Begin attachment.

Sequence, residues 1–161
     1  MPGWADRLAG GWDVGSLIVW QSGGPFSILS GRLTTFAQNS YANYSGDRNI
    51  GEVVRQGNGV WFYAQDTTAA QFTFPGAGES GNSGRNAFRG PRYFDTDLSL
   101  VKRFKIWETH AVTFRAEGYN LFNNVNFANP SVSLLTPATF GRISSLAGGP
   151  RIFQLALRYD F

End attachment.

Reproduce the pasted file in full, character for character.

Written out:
Sequence, residues 1–161
     1  MPGWADRLAG GWDVGSLIVW QSGGPFSILS GRLTTFAQNS YANYSGDRNI
    51  GEVVRQGNGV WFYAQDTTAA QFTFPGAGES GNSGRNAFRG PRYFDTDLSL
   101  VKRFKIWETH AVTFRAEGYN LFNNVNFANP SVSLLTPATF GRISSLAGGP
   151  RIFQLALRYD F